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On 27, Jun 2010 | 5 Comments | In Uncategorized | By man-admin
36 h x 32 w 25 d centimeters. Yellow travertine, cement.
Photographer: Elad H. Friedman
The stunning mosaic sculpture above, “Geology” by Nirit Keren, was one of the 18 mosaics selected for MAN’s 2010 Exhibition in Print. It is typical of Ms. Keren’s work which always speaks with raw authenticity and begs to be investigated further. Here is what Keren wrote regarding “Geology”:
My work is inspired by geological forms. This sculpture describes a cross section of the earth’s layers leading down into the core. Using one material in subtle ways allows me to recreate the minute changes in texture that indicate the differences between each layer. The overall shape of the work is an upward, thrusting motion — energy coming from the earth’s core up and out. This shape also feels decided spiritual to me for I see within it an abstract angel rising towards the heavens.
Keren is an artist who consistently makes a brilliant connection between the materials she is using and what her soul has to say.
The native Israeli recently completed a work, “The Precious Stamp”, that we found achingly beautiful as we watched the excellent video by Iris Refaeli below that chronicles its making. We immediately contacted the artist to find out more about what was behind “The Precious Stamp” which now hangs in the “Personal Readings of Ancient Mosaics” exhibit in Jerusalem. As we expected, it was quite a lot.
Naomi Weinstein, the curator had called the artists to relate to one or two ancient mosaics found in Israel, and to give it a personal interpretation. Since I was in the middle of a process with myself as an artist, I already understood that what attracted me to mosaics in the first place was very unconscious, and it had to do with the way I handle grief . “Sometimes I need to break things in order to compose something new” those where my words not so long ago….
What follows is the “brief” which hangs next to The Precious Stamp in the exhibit.
When Neomi Weinstein, the curator, came up with the idea for this exhibition, the first thought that came into my mind was the zodiac wheel of Beit-Alfa.
When I continued my research on the project, it became clear to me that it has to do with the story of my life. When I was 4 years old, I lost my father in the ’67 war. At that age I was not able to understand the loss and I never did grieve over him. Only through art, at the age of 46, I started to deal with his death.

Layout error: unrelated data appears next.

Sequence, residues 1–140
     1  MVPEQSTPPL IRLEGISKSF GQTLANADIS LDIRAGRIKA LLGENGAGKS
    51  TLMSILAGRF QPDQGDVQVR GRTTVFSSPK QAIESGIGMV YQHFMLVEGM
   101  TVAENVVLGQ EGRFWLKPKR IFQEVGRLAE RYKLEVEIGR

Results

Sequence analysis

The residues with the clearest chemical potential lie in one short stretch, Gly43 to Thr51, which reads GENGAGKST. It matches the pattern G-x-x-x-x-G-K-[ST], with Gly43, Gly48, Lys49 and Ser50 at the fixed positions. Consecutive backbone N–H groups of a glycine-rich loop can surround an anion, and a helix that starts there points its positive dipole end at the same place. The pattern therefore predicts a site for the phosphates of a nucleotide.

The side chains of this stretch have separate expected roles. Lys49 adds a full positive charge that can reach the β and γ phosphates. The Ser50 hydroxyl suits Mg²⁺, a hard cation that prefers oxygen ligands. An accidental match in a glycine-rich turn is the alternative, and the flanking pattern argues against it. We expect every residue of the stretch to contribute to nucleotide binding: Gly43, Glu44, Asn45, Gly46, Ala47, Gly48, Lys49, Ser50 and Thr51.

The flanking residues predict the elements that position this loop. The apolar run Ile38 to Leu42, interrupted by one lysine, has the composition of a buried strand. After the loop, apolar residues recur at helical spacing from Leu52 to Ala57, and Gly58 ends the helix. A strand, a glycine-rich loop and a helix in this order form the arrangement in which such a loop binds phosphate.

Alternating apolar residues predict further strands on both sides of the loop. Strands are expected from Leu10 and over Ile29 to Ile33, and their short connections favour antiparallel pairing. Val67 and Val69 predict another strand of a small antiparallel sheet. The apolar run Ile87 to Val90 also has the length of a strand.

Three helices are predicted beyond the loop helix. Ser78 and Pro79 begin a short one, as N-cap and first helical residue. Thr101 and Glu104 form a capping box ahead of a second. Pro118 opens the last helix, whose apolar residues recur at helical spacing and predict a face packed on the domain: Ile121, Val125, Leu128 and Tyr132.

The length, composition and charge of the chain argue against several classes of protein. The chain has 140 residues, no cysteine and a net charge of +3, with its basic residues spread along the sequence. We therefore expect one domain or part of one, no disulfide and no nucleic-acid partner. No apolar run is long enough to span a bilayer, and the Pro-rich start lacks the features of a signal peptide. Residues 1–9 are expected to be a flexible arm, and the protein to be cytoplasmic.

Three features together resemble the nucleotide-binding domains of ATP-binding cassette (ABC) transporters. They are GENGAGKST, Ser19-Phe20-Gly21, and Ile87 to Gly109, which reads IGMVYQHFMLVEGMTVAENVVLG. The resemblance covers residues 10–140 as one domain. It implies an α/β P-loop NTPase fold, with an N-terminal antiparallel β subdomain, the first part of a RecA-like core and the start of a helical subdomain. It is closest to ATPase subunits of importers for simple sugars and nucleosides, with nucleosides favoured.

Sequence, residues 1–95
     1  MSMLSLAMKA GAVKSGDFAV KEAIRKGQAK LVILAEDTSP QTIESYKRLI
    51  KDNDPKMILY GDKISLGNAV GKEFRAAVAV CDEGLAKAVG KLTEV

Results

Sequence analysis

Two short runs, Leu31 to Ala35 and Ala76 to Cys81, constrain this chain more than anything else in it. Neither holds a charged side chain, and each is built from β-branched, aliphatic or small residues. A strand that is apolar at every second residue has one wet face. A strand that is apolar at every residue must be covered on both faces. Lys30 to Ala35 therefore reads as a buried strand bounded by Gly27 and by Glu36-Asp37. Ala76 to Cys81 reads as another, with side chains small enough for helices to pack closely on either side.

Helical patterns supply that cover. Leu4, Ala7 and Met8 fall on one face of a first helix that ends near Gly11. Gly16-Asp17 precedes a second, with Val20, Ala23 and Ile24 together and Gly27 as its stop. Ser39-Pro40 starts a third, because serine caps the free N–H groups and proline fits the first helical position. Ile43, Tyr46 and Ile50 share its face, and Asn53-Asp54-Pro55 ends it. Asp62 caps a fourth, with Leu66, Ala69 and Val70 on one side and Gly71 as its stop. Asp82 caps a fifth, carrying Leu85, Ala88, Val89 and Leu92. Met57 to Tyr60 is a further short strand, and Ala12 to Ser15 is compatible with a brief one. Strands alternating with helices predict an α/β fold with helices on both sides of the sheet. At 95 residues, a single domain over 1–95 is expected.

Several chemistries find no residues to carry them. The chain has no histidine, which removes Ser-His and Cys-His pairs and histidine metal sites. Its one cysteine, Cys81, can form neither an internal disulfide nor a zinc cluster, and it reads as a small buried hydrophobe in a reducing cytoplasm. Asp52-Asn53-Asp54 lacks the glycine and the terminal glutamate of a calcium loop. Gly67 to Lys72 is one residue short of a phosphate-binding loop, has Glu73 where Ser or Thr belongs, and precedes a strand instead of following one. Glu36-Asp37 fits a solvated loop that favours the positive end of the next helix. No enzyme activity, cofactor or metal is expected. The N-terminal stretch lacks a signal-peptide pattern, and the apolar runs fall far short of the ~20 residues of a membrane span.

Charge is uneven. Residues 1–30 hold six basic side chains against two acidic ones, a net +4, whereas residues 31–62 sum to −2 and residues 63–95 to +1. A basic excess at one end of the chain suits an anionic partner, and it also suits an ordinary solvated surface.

Helios, the God of the Sun, is a patriarchal God in the Greek Mythology. He is the main figure that appears at the centre of Beit-Alfa zodiac. His job is to watch everyone down on earth. I chose to replace Helios with a portrait of my father, taken from an old picture in black and white.
The portrait is made in the method of reverse mosaic in order to give it a flat look, as it is just a remote memory, a photograph. I added my Gemini birth sign, together with some decorative reference from the original mosaic. The portrait is surrounded by the moon and stars, as it is in heaven, and the background is laid in an outward motion from the head to give it an iconic feeling. I left part of the lime bed (background) exposed because I have always been interested in the glues and bonding material that where used in ancient times. The formula for the lime bed was given to me by Mr. Galeb Abudiab, from the Israel Antique Authority, and it represents a link between the past and the present.
As I was looking for the right picture of my father, I found an old stamp-book that belonged to my father as a child. I randomly opened the book, and right in front of me on the page was a big, square, stamp of the Beit-Alfa zodic mosaic and on the top of the page, in a childish handwriting he wrote “The precious stamp” in green ink. This is when all joined together to become one project – “The precious stamp” mosaic.
The “Personal Readings of Ancient Mosaics” exhibit runs now through December 12th at the Jerusalem Center for Near Eastern Studies at Brigham Young University, Jerusalem. Here is a link to the University’s website. http://ce.byu.edu/jc/
Enjoy — Nancie